When you’ve tested positive for COVID-19, no one wants to be with you. (I know that no one should be with you, but it still hurts that no one wants to be with you, even if it’s for a good reason.) I mean, when the only place you can drive is the hospital and they want you to stay in your car…it feels lonely.
When people came to drop things off at our door, the most important part of their delivery wasn’t the food. The most important part was knowing that people were thinking of us and taking time out of their day to connect with us in some way.
The virus infecting my family was not a result of anyone doing anything wrong. It just happened. It really could happen to anyone, even if you’re doing everything right. The weird thing is – you still feel guilty for having it because it is seen as a danger to other people.
Even when I knew I wasn’t infectious anymore, I had to fight anxious thoughts as I drove to town for the first time. It was my first outing and I went to buy masks at the mall. It felt wrong for the first few minutes. That’s when I realized I was more afraid of what others might think than I was afraid of infecting someone.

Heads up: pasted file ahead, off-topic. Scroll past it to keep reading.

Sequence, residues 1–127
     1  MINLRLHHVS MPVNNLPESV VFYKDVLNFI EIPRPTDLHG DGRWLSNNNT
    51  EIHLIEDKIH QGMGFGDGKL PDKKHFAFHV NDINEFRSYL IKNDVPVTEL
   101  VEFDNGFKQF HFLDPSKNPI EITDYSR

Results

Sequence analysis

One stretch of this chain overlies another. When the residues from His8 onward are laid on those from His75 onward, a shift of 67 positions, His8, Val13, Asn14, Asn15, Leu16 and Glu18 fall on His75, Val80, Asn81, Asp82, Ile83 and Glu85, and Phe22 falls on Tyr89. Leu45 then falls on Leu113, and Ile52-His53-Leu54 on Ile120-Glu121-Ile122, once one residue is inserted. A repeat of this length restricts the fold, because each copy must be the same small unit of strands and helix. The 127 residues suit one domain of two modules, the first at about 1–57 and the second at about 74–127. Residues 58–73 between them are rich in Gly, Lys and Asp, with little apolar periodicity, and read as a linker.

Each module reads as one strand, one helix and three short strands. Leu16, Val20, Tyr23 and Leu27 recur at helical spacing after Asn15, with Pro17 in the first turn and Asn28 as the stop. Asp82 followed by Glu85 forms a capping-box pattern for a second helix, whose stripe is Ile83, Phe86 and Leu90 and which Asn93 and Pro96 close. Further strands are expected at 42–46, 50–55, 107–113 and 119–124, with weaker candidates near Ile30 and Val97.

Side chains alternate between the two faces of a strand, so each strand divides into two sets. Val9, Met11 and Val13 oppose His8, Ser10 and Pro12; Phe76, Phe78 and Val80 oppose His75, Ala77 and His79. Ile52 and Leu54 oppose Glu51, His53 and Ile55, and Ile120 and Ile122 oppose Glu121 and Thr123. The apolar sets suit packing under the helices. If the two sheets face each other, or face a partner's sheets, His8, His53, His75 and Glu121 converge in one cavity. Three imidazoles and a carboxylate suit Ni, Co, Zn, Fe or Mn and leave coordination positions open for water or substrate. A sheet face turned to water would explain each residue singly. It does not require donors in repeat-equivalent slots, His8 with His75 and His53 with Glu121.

The shame is real. It will probably take a while for me, and others who have recovered, to feel okay being “back in the world”. Psychological recovery is a whole different ball game than physical recovery.
What God Reminded Me Of
Though dealing with COVID-19 felt scary, lonely, and shameful, God certainly used the experience to remind me of some important truths. He really does work all things together for the good of those who love Him (Romans 8:28).
The following reminders are ones that I can carry over into every aspect of my life. I hope that they will encourage you and apply to your life, even though we have different experiences.